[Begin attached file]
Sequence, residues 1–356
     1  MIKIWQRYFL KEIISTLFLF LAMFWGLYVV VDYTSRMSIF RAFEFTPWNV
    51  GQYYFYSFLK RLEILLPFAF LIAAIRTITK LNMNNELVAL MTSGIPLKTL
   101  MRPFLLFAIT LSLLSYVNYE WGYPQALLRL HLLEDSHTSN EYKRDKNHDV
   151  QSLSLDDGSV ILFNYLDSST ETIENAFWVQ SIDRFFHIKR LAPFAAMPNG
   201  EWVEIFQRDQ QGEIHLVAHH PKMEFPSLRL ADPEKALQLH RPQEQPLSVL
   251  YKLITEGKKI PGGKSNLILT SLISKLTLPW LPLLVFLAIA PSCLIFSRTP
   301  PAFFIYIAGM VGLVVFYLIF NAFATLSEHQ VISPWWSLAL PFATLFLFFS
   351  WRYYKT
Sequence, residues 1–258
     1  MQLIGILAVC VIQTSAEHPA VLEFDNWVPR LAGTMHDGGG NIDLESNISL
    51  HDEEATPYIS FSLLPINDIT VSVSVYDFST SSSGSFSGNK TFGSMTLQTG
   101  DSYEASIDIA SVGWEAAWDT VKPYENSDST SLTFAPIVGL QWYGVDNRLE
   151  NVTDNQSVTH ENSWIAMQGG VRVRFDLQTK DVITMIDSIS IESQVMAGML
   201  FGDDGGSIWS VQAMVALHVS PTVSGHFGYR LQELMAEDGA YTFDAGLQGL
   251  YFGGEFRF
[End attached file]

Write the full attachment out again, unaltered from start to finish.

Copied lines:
Sequence, residues 1–356
     1  MIKIWQRYFL KEIISTLFLF LAMFWGLYVV VDYTSRMSIF RAFEFTPWNV
    51  GQYYFYSFLK RLEILLPFAF LIAAIRTITK LNMNNELVAL MTSGIPLKTL
   101  MRPFLLFAIT LSLLSYVNYE WGYPQALLRL HLLEDSHTSN EYKRDKNHDV
   151  QSLSLDDGSV ILFNYLDSST ETIENAFWVQ SIDRFFHIKR LAPFAAMPNG
   201  EWVEIFQRDQ QGEIHLVAHH PKMEFPSLRL ADPEKALQLH RPQEQPLSVL
   251  YKLITEGKKI PGGKSNLILT SLISKLTLPW LPLLVFLAIA PSCLIFSRTP
   301  PAFFIYIAGM VGLVVFYLIF NAFATLSEHQ VISPWWSLAL PFATLFLFFS
   351  WRYYKT
Sequence, residues 1–258
     1  MQLIGILAVC VIQTSAEHPA VLEFDNWVPR LAGTMHDGGG NIDLESNISL
    51  HDEEATPYIS FSLLPINDIT VSVSVYDFST SSSGSFSGNK TFGSMTLQTG
   101  DSYEASIDIA SVGWEAAWDT VKPYENSDST SLTFAPIVGL QWYGVDNRLE
   151  NVTDNQSVTH ENSWIAMQGG VRVRFDLQTK DVITMIDSIS IESQVMAGML
   201  FGDDGGSIWS VQAMVALHVS PTVSGHFGYR LQELMAEDGA YTFDAGLQGL
   251  YFGGEFRF